2011 is coming to an end… this time of year always makes me feel like I’m at a crossroads and I begin to take stock of things.  I look back at the past year and make a list of all the things that have gone well and that I’m grateful for – both in my business and in my life.

Then I look forward and I think about what I want for the coming year – what things do I want to keep from 2011 and what things could be changed and improved?  And if I want changes – what do I need to do to make them happen?

Here are four tips for making 2012 your best art business year yet…

ONE – Don’t do things the way you always have just because.

Look at how you do things and decide if they are working at an optimal level.  Is there anything you can improve upon?  For example, what did you do last year to let manufacturers know about your art – or to let agents know you were looking for representation if you’d rather not do your own marketing?  Were you happy with the results or would you like to make them even better?  What can you try differently?  Make a list of ideas and then track the results on any new ideas.  Trial and error is often the best way to determine what will work best for you and your business.

TWO – Look for ways to reduce your expenses.

Hopefully you act as a business and keep track of all of the expenses you incur for your art business, separate from your personal expenses.  Take a look at how you spent your money in 2011 and then decide if it was worth it or if the expenses could be changed in any way.  I changed from using Paychex for my payroll processing to Intuit Payroll.  While I spend a little more time each month on accounting and submitting the information each month (maybe 45 minutes a month) – I’ve saved about $900.  Well worth it!  Where can you trim your expenses by changing the way you do things?   Are you spending money on things you don’t need to anymore?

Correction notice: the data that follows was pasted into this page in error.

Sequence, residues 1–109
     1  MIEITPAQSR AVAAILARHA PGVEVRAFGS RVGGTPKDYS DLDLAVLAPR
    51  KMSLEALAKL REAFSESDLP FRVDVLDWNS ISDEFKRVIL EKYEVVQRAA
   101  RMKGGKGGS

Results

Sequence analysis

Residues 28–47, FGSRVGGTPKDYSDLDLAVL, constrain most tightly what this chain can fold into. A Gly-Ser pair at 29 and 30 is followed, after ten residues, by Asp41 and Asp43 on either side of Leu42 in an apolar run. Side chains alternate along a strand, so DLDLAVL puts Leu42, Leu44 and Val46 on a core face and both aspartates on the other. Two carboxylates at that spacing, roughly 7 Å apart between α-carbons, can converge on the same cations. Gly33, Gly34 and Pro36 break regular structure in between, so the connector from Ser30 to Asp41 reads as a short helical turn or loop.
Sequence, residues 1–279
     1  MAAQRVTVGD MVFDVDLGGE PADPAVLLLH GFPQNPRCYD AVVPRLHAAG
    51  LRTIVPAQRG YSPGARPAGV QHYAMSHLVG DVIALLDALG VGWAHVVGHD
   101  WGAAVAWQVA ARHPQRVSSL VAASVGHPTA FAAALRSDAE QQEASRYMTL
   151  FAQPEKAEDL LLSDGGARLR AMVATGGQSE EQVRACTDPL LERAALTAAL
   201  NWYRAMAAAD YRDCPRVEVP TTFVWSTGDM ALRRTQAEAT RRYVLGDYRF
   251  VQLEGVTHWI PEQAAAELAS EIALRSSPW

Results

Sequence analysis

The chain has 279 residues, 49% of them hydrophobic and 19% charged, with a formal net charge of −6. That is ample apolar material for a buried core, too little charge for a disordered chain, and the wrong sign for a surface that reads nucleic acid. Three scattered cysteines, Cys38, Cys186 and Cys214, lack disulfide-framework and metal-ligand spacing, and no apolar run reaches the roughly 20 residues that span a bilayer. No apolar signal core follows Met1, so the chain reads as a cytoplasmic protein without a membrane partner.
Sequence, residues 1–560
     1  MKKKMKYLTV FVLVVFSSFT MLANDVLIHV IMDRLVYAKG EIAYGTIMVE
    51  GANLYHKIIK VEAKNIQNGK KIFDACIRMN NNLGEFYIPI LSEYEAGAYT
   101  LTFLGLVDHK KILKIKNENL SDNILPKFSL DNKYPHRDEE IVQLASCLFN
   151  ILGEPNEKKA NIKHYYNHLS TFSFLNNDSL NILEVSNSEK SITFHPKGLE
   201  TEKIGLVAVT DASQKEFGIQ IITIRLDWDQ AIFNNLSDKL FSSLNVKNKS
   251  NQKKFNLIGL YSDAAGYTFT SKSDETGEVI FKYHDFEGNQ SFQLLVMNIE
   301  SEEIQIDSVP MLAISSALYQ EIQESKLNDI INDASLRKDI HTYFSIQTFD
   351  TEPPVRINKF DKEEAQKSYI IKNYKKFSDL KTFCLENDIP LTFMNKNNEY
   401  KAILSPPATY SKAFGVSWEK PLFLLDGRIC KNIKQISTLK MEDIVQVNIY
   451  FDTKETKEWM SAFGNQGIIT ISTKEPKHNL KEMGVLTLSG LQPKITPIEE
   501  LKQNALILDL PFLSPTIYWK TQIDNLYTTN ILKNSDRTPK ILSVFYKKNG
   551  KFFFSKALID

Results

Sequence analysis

THREE – Maintain the relationships you have built.

While it is easy to always go after new business to build your business, often the best business is with your current clients.  They know you, you know them, hopefully you have a good track record together.  Spend as much time – if not more – fostering the relationships you have as you do trying to build new ones.

FOUR – Don’t forget what makes you unique.

What makes you and your art special in the very competitive field of art licensing?  Don’t try to be a “me too” artist if you see something that seems to be working for others.  Instead, always search for a way that you can bring something unique to the table – that is where you will truly find success.

Every business, like the economy, goes through ups and downs.

It is important to stay positive, stay focused and never assume that what seems to be working is the best way to get something done.  By regularly looking at your business you just might find ways to make things work faster and better!

Wishing you much success!

– Tara Reed